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Federal trade-related payments sustain farm economy

JOHNSTON — An economist who monitors Iowa’s farm sector says things would be far worse if the Trump Administration hadn’t given farmers $28 billion in trade relief payments. Iowa State University economist Chad Hart says the farm economy has been struggling for the past five years due to depressed commodity prices.

“It wasn’t just the trade war that brought this on,” Hart says. “The trade war sort of exacerbated the problems that we’re seeing out there.”

Hart says one of the lessons Iowa farmers learned from the “farm crisis” of the 1980’s was not to get too deep in debt.

“The ag community was tightening its belt over the past four or five years, but we are seeing debt levels rise. We are seeing bankruptcies rise,” Hart says. “That general malaise in the ag economy over the last five years has taken its toll and there’s not as much cushion for farmers as there was in the past.”

Hart says most economists see signs the U.S. economy will dip into recession sometime in 2020.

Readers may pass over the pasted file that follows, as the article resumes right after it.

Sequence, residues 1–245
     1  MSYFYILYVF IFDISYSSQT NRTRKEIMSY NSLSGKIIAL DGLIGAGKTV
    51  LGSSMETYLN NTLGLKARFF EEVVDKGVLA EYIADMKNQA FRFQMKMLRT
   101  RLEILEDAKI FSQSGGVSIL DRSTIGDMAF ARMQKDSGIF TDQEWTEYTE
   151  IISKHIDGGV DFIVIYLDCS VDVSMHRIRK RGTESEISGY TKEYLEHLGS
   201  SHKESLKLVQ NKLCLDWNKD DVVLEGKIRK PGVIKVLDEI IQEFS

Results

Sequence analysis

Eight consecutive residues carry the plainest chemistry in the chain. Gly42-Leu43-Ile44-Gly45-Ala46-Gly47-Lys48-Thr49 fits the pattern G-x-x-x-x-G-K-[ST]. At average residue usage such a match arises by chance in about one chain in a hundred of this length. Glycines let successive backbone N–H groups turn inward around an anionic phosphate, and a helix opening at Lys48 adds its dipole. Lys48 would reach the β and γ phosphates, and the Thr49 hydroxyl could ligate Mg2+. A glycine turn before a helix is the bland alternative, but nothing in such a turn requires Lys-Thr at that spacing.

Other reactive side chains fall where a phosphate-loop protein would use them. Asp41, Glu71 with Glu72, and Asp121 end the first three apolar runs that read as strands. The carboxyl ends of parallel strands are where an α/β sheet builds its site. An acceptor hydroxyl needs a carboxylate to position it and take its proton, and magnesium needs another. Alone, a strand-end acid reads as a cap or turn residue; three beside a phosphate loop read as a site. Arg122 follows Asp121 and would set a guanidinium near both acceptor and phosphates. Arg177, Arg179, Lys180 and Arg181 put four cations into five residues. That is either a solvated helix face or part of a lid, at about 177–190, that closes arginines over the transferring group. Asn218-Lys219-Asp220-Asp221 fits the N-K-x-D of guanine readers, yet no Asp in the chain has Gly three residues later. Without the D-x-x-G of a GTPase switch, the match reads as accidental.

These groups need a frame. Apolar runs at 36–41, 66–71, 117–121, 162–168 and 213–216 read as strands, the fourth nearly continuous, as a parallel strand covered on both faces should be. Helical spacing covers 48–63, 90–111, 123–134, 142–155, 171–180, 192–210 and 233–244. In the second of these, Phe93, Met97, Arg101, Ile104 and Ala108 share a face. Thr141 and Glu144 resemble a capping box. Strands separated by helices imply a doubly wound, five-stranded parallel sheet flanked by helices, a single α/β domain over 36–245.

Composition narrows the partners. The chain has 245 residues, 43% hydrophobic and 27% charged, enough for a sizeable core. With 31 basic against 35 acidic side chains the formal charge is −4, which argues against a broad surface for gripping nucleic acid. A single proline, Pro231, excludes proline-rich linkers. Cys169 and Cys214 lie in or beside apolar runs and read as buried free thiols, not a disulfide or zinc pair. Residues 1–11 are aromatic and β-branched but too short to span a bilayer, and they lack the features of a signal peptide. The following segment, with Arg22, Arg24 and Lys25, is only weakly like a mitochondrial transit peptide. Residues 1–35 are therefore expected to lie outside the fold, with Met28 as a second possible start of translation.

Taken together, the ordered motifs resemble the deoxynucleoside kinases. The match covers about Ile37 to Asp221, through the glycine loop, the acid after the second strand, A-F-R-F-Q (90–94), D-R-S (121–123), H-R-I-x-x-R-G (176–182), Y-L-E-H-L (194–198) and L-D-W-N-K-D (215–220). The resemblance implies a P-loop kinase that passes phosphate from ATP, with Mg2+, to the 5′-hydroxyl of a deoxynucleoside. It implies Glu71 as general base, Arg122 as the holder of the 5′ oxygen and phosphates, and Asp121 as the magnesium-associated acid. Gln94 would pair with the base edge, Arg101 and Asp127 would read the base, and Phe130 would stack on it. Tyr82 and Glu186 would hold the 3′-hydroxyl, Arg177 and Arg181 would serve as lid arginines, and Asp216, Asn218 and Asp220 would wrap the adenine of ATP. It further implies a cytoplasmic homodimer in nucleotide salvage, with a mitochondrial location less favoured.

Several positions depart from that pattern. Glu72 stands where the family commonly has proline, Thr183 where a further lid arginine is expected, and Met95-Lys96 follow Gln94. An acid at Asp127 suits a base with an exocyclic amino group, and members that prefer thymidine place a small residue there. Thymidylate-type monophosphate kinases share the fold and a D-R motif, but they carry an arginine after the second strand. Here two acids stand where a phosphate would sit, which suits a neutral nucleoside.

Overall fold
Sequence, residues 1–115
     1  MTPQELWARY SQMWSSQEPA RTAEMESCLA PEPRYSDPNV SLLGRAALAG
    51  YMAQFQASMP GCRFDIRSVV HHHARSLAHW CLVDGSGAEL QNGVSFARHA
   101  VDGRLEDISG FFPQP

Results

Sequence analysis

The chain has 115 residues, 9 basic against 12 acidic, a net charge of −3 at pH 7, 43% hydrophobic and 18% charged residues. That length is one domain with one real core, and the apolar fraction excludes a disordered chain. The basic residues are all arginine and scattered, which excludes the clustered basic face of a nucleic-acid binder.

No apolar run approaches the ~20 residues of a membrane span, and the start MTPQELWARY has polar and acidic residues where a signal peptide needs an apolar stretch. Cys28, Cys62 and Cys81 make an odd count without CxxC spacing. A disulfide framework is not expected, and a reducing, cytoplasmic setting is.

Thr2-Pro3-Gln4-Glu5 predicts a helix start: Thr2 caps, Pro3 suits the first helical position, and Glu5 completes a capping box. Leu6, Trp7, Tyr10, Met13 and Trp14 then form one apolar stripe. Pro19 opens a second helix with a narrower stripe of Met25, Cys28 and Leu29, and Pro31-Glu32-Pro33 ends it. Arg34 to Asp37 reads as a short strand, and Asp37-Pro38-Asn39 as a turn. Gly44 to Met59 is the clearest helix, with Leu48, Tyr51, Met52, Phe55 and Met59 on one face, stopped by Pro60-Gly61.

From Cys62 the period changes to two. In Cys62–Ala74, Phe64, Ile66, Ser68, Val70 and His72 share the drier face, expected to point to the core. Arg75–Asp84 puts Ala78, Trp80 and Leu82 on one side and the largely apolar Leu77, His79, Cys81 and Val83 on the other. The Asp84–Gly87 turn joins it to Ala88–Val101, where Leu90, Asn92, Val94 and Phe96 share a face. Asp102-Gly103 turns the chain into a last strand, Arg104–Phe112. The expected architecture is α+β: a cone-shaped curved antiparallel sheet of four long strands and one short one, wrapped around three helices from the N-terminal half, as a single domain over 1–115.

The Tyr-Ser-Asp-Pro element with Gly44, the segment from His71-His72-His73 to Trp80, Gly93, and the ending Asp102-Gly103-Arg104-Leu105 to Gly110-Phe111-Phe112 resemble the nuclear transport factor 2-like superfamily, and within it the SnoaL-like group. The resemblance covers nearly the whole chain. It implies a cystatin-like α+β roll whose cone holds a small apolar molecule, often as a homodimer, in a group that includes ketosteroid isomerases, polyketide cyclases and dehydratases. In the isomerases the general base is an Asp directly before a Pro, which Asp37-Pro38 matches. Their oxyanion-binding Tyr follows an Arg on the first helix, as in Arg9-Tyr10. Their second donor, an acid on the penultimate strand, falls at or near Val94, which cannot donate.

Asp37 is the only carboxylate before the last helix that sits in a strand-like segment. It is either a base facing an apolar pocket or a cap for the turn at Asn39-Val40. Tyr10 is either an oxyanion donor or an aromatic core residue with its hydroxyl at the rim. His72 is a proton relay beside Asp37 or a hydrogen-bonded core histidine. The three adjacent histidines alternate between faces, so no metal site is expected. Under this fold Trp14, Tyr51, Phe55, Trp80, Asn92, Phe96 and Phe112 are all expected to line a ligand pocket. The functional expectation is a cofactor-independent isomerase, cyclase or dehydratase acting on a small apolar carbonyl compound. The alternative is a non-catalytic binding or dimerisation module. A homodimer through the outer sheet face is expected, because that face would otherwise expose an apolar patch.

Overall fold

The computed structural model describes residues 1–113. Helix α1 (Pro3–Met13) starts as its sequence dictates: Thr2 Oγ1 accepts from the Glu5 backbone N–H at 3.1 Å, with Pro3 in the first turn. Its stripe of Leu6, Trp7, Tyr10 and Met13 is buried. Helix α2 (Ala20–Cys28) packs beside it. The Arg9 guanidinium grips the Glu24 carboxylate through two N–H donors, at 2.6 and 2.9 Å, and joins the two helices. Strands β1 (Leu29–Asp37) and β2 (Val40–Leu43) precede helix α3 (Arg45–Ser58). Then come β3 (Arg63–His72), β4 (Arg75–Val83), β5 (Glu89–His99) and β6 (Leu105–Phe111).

“We started to see the ag economy really take its lumps in 2014, 2015, 2016 and we’ve been basically staying down since then,” Hart says. “The general economy is starting to reflect what the ag economy has been going through over the past five years, so it is eerily similar to what we saw in the ’20s and ’30s in that sense.”

During the “roaring ’20s” the U.S. economy grew as a 1922 law imposed tariffs on imported goods and Americans increasingly bought U.S.- made products. Consumer spending currently accounts for about two-thirds of the U.S. economy and Hart says it’ll be up to the U.S. consumer if or when a recession may occur.

Hart made his comments during a recent appearance on Iowa Public Television’s “Iowa Press” program.



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